This content is from: Portfolio
Alternative Asset Manager Blue Owl Enters Sports Investing With the NBA’s Phoenix Suns
The manager has made a minority investment in the basketball team, joining a growing number of NBA investors.
Another private investment firm has made its way into the growing stable of National Basketball Association teams’ minority investors.
On Tuesday, Dyal HomeCourt Partners, a division of the $52.5 billion alternative asset manager Blue Owl, announced that it had made a minority investment in the Phoenix Suns.
The deal is the first of its kind for Blue Owl, which was formed in December 2020 after Dyal Capital Partners and Owl Rock Capital Group agreed to merge and go public via a special purpose acquisition company sponsored by an affiliate of HPS Investment Partners. Dyal already owned a minority stake in both Owl Rock and HPS.
“We are delighted to partner with Robert Sarver and the Suns organization as HomeCourt's inaugural investment,” said Michael Rees, Blue Owl’s co-president, in a statement. “The Suns have made incredible strides both on and off the court in recent years and we believe that, under Robert's leadership, the best is yet to come.” Robert Sarver is the Suns' majority owner.
When the SPAC deal was announced in December, Blue Owl said that it had formed an exclusive partnership with the NBA, under which it would be the sole pre-approved buyer of minority stakes in the association’s 30 teams. “We believe having these approvals and waivers already established will provide selling owners with more certainty of our ability to close on any investment and will make us the buyer of choice when a minority interest in an NBA franchise becomes available,” Blue Owl stated in its S-1 filing in June.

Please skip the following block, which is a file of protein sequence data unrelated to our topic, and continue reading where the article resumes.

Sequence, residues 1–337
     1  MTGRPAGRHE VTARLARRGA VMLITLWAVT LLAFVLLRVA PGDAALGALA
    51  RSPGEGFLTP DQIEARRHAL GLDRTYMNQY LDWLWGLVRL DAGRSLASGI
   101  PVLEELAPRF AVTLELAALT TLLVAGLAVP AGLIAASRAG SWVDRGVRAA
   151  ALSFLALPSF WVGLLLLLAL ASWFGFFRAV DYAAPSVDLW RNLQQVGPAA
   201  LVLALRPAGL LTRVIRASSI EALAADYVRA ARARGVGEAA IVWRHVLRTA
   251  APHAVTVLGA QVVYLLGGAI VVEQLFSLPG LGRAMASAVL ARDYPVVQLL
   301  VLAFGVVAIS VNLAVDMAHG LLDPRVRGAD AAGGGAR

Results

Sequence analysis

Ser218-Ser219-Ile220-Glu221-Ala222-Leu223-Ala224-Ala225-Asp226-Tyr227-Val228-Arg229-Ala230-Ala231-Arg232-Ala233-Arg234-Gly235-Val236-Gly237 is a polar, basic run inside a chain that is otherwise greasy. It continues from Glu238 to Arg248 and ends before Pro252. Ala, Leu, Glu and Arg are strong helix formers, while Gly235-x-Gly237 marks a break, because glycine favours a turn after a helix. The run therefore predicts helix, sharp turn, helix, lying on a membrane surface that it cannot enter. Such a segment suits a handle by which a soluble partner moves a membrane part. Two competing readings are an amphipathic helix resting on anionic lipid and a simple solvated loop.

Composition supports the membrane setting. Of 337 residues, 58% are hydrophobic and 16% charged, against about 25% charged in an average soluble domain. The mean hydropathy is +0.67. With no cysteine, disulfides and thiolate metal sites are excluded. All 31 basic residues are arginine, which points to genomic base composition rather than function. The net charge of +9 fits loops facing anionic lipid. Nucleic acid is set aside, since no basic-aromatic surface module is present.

A Growing Asset Class
Since then, a number of investors have invested in NBA teams, including Arctos Sports Partners, which Sportico reported acquired a minority stake in the Golden State Warriors in May.
Sixth Street and billionaire Michael Dell, meanwhile, joined the San Antonio Spurs’ investor group as strategic partners in June, according to an announcement from the time. Sixth Street has its own ties to Blue Owl, as Dyal made a minority investment in Sixth Street prior to the merger — a deal the latter opposed.
The deals point to growing institutional interest in making sports investments, resulting from a confluence of factors that Institutional Investor previously reported on. First, sports team valuations have been on the rise, making it difficult for individual investors to buy an entire team. And although sports leagues were once reticent to allow private equity firms in, they have since changed their tune.
“The injection of institutional capital into the NBA will be a tremendous benefit to the league and its owners and the Suns are proud to be Dyal HomeCourt's first investment,” said Sarver in the announcement.
Rules and Regulations
But investing in an NBA team is not without challenges. The NBA does “impose significant restrictions” on what investors can and cannot do, according to the S-1. The association has approval rights over Dyal HomeCourt’s deals and the admission of new investors. The NBA can also change its rules without prior notice to the fund.
What more, sports leagues require investors to take passive stakes and use a hands-off approach to ownership, II previously reported.
Blue Owl has ties to the NBA beyond this first investment. Blue Pool Capital, a multi-family office that reportedly manages the fortune of Alibaba's Jack Ma and that of his cofounder Joe Tsai, is a large investor in the company, a 13-G filing shows. Blue Pool’s chief executive officer, Oliver Weisberg, was briefly the interim chief executive officer of the Brooklyn Nets and is now the NBA Alternative Governor for the team, the NBA’s website shows. Tsai is the sole owner of the Brooklyn Nets.
The firm is part of a network of wealthy families that have invested in Blue Owl. Among them are CH Investment Partners, a multi-family office partnered with the family of the late Texas real estate magnate Trammell Crow’s, and Iconiq Capital, another multi-family office that reportedly has managed Sheryl Sandberg’s and Mark Zuckerberg’s wealth, other 13-G filings show.
A spokesperson for Blue Owl declined further comment on the news.